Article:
By Melinda Munson
“We are having trouble over at the clinic,” said Borough Manager Brad Ryan at the July 9 Health, Education and Welfare Committee (HEW) meeting. Like most of the nation, Skagway is scrambling to recruit healthcare workers. Dahl Memorial Clinic (DMC) also struggles to retain their workforce.
According to KHNS, DMC lost 75 percent of its staff this year. In June, Nurse Practitioner Johanna Huff stepped down as medical director to focus solely on patient care. Dr. Terence Barlow (DNP), one of three providers, resigned earlier this month. The municipality recently hired a temporary provider at $858 per day, plus housing, to fill the void.
“It’s expensive and it’s an emergency measure,” said Vice-Mayor Orion Hanson who signed the paperwork with the staffing agency as Mayor Andrew Cremata was out of town.
Currently, Skagwegians who call the community clinic cannot immediately schedule treatment. Patients are asked about their medical status, then receive a phone call days later to book an appointment.
Approximately 30 citizens attended the HEW meeting held on a Friday evening to accommodate the committee’s schedule. Assemblymember Jay Burnham was not in attendance because of a work emergency.
The meeting’s only agenda item was to discuss a memorandum of understanding (MOU) between SEARHC, a non-profit health consortium based out of Juneau with clinics located in 27 Southeast communities. SEARHC describes itself as “Alaska Native People working in partnership to provide the best healthcare for our communities.”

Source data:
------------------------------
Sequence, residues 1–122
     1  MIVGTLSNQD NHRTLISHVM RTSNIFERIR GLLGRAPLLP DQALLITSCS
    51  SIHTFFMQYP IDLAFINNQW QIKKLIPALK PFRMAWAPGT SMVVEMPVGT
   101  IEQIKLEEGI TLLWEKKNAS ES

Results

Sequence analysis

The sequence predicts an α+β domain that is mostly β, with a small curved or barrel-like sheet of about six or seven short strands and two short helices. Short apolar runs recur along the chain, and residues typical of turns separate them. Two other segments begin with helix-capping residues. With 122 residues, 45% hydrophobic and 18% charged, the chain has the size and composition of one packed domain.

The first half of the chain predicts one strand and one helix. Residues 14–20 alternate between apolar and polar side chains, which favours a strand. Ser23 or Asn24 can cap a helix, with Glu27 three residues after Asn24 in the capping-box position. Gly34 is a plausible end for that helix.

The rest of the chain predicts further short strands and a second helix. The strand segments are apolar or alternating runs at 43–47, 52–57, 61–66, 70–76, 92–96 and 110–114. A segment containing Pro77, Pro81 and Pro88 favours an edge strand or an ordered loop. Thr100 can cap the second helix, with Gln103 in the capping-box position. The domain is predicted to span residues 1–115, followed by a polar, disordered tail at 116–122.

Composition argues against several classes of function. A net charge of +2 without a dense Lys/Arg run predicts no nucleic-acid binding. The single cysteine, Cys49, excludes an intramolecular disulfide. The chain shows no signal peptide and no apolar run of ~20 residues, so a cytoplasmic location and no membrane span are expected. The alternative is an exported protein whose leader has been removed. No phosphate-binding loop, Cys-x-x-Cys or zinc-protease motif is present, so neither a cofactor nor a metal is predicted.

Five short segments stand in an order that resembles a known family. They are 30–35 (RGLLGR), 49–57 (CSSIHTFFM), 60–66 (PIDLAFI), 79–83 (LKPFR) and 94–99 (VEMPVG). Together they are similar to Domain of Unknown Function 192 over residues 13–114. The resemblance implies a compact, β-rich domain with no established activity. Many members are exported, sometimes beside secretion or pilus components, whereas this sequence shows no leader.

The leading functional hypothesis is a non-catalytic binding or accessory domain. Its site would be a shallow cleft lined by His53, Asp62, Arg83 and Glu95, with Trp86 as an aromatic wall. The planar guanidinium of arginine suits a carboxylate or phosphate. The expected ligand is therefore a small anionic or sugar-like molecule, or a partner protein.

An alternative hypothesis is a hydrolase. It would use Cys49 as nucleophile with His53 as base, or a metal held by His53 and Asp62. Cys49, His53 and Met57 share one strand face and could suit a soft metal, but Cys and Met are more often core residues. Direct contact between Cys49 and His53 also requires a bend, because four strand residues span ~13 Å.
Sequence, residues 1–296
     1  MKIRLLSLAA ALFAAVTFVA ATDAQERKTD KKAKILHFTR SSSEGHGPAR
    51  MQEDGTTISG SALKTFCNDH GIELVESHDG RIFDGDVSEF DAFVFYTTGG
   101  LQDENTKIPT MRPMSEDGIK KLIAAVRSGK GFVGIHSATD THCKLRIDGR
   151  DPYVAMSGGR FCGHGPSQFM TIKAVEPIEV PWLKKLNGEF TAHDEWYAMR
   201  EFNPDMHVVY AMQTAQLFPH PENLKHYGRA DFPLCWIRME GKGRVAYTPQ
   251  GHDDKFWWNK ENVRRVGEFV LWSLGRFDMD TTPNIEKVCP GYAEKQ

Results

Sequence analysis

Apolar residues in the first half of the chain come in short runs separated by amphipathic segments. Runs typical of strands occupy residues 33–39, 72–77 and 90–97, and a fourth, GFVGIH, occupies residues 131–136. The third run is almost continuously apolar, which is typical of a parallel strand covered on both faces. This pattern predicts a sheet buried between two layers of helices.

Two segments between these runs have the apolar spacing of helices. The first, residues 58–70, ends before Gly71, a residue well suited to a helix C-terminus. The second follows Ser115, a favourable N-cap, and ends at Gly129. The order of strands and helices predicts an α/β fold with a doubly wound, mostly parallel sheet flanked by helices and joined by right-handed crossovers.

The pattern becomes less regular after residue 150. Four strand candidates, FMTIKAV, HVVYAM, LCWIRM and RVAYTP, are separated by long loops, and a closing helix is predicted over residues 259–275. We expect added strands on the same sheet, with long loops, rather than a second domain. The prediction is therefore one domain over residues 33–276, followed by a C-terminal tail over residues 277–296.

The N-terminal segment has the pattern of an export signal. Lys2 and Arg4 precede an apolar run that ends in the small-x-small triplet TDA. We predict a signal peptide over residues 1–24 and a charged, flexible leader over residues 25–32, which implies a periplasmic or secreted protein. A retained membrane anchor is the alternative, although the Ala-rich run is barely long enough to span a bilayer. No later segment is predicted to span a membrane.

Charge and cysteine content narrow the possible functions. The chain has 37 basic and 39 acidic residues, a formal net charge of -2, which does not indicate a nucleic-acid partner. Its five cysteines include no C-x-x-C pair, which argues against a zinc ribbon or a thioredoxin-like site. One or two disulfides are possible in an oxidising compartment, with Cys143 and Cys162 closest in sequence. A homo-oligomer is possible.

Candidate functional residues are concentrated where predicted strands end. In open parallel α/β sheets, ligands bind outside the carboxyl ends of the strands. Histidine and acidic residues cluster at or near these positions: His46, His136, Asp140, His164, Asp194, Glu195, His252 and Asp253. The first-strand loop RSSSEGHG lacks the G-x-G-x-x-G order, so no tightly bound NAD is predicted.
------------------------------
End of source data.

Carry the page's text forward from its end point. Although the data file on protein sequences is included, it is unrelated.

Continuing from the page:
Ryan said he initiated contact with SEARHC, which then made a public presentation in Skagway on June 21.
“SEARHC has expressed interest since I’ve been here,” Ryan said. He later added, “I’m not trying to railroad this but I am trying to get the answers.”
One section of the MOU outlined a short-term plan for SEARHC to immediately provide management services to the clinic. The second aspect of the document invited what Ryan described as “further investigation of the services that SEARHC can provide to the community.” Community members were vocal during Citizens Present.
Shelly O’Boyle, former clinic manager, felt she didn’t have enough information about what a future with SEARHC would look like.
“Educate us, slow down,” she advised the HEW Committee. She also wondered about the financial ramifications of giving up control of the community clinic.
‘We worked really hard to get $1.3 million of grant money to this community … That $1.3 million employs eight positions at that clinic. It takes care of the dental program. It does the dispensary technician, the health and information technology specialist, the administrative manager, behavioral health … the accounts benefit position, the seasonal RN, one MA (medical assistant) and one provider,” O’Boyle said.
“I did not hear at that meeting the other week that those positions are going to be in this community, that those services are going to be in this community … I did not hear them say that they were going to protect those positions. What I heard them say is they are going to take our $1.3M and absorb it into SEARHC…” O’ Boyle continued.